Flashcards in Week 1 - 3 Deck (71):
Breakdown of Fat stores in adipose tissue to free fatty acids
Storage of fat
Storage of glucose
Rate limiting enzyme
Breakdown of glycogen
glycogen Phosphorylase (Ca++ and adrenaline activates, inhibited by high concentrations of ATP)
CHO in kcal/g (energy contribution)
Fats in kcal/g (energy contribution)
protein in kcal/g 9energy contribution)
4.1 kcal/g (only supply's around 5-10% of energy during exercise= gluconeogenesis)
where is the majority of the carbs stored in our bodies?
1. Muscle glycogen 2. liver glycogen 3. glucose in body fluids
Where is the majority of the Fats stored in our bodies?
1. Subcutaneous and visceral fats 2. inter-muscular
Creatine phosphate (ATP-CP system)
rate limiting enzyme
immediate (first 0-1min)
creatine kinase (limited by ATP, stimulated by ADP)
rate limiting enzyme ?
Breakdown of glucose-- 2 pyruvate molecules or lactic acid.
In sarcoplasm of cell.
Involves a series of enzymatic catalysed, coupled reactions
phosphofructokinase (APT inhibitor)
nicotinamide adenine dinucleotide
Oxidative Phosphorylation (aerobic)
1min + if oxygen is present
All the systems function at the same time- just contribute different amounts. In mitochondria.
Involves Krebs cycle and ETC.
Pyruvate is converted to ACetyl CoA when intracellular conditions favour aerobic catabolism of pyruvate.
1 glucose= 2 Acetyl CoA
Oxidative phosphorylation is the process in which ATP is formed as a result of the transfer of electrons from NADH or FADH 2 to O 2 by a series of electron carriers.
Net 38 ATP's produced.
nicotinamide adenine dinucleotide (transport hydrogens
to mitochondria for ATP generation)
flavin adenine dinucleotide (transport hydrogens
to mitochondria for ATP generation)
Enzyme used from Pyruvate to Lactate
Enzyme used from pyruvate to Acetyl CoA (crebs cycle
= lactate + hydrogen ion
Lack glycogen phosphorylate (glycogen to glucose) Therefore only able to exercise at 50% that of others.
Low blood glucose- feel pain and discomfort alot more.
(what happens to the hydrogen ions)
Low oxygen content in the tissues (VS Hypoximia= low oxygen content in the blood) .
The Hydrogens cannot be carried to mitochondria- then LDH (lactate dehydrogenase) allows NADH to donate its hydrogen ions to pyruvate. Lactate then formed.
Key enzymes in glycolysis
Glycogen phosphorylase, PFK (activated by ADP, pi, AMP + a fall in PH, inhibited by ATP and CrP= produce more ATP), LDH, PDH
What influences the fate of pyruvate (5)
1. rate of pyruvate production
2. cytosolic redox state
3. mitochondrial density (number and size)
4. oxygen availability
5. activity of LDH (pyruvate to lactase) (more= faster conversion)
electron transport chain (90% of ATP production)
1 NADH = ? ATP
3 (NAD enters at a higher level then FAD)
FADH= ? ATP
rate limiting enzyme
relies on chemical reactions and electrical gradients across the inner mitochondrial membrane; H+ moves from electronegativity to electropositivity .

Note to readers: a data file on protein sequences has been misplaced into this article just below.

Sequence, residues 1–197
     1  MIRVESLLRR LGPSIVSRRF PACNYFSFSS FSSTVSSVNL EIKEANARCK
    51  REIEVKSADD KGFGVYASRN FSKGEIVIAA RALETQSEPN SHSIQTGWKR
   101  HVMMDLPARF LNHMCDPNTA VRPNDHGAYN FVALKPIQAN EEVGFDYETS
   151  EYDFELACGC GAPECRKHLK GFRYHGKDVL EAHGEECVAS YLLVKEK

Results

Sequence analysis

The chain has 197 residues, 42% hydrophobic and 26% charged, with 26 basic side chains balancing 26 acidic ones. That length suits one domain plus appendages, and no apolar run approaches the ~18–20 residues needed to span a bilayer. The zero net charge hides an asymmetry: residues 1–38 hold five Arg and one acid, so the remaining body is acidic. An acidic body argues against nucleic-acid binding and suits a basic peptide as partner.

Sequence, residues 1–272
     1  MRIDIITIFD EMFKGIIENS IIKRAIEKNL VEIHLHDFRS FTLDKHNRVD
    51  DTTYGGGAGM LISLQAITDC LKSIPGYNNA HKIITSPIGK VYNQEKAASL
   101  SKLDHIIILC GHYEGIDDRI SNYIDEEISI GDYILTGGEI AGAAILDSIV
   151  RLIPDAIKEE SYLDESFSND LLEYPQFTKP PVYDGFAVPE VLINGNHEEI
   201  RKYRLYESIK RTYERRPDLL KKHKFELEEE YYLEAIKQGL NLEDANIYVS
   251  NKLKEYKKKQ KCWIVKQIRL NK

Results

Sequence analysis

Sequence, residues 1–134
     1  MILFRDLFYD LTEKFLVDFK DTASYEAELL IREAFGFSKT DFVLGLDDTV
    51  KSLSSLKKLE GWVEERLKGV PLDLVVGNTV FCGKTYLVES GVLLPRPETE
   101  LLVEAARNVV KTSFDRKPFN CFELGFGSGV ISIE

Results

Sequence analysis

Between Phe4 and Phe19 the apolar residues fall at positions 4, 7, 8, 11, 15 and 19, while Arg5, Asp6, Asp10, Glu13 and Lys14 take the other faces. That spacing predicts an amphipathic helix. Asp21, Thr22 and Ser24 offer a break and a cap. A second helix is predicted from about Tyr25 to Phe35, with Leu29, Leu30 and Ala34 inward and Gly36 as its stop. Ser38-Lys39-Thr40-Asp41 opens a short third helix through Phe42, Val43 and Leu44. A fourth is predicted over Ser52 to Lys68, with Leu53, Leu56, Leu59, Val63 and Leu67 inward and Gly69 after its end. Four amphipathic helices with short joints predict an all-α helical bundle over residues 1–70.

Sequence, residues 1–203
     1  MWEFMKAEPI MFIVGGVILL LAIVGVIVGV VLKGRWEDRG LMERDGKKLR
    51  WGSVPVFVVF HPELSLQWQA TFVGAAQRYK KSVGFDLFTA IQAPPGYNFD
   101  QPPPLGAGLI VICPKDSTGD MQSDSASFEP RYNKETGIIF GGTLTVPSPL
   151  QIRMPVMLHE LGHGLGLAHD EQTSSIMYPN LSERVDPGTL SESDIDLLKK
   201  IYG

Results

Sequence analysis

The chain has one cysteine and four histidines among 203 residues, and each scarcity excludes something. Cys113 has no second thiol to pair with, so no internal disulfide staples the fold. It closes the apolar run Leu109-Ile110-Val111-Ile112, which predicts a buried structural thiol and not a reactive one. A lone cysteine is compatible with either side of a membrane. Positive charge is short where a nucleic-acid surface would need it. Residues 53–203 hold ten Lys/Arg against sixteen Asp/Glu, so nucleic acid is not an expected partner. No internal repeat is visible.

Hydrogen ions are separated from their electrons by being pumped out the inner membrane then allowed to reunited- this produces energy which allows for the formation of ATP.
It is the positive charge created: this chemical and osmotic potential that provides the E for ATP resynthesis.
cytochrome oxidase (inhibited by ATP)
Rate limiting enzyme
1 glucose= 2Acetyl CoA
1 Acetyl CoA= 3 NADH (takes 3 pairs of H) + 1 FADH2 (takes 1 pair of H) + 1 ATP (converted from GTP) + 2CO2.
Isocitrate dehydrogenase (inhibited by ATP)
process of converting Fatty acids to Acetyl CoA.
Happens inside mitochondria
Oxidation of fat
fat can only be burned in oxygen
FFA transported in Blood (by Carnitine)-- FFA activation (attached to CoA- needs ATP)-- Beta oxidation-- Krebs cycle and ETC= ATP
During prolonged exercise- protein used as a fuel source
glucagon and cortisol= catabolic hormones. Break down protein in liver- strips of nitrate (urea).
Muscle fibre types
Type 1= endurance
slow oxidative= endurance= slow twitch
Red fibres- high mitochondria density, high ion
slow to fatigue
relatively small in size, slow to contract
high oxidative capacity
fast oxidative glycolytic
'fast fibres' but share many characteristic of type 1.
Fast glycolytic (ablity to use glucose as a source Vs oxidative = ability to use fat) = white fibres = fast twitch
relatively large in size, fast to contract + fatigue quickly
low fatigue resistance
high motor unit strength
All the fibres are activated at the same time
increase capacity for oxidative metabolism in the type 1 and type 2a muscle fibres
Spring and resistance training
elicit adaptations in the type 2a and especially the type 2b muscle fibres. (never increase the number of fibres= determined at birth)
excess post exercise oxygen consumption (still breathing hard even after exercise is finished).
There is also an oxygen deficit at the start of exercise.
Contributing factors to EPOC
increase in heart rate, breathing, temp (~3 degrees following long bout of aerobic exercise.
restoration of tissue oxygen
Elevated Hormones e.g. EPH (adrenaline) = High metabolic rate, high glycogenolysis, high rate and force of heart contractions
resynthesis of PC in muscles.
Increase in total body expenditure
amount of heat required to raise 1 g of water by 1 degree.
respiratory exchange ratio
Volume of carbon dioxide produced in expired air/ number that equates to oxygen consumed.
Used to estimate % contribution of CHO or fat to energy metabolism during exercise.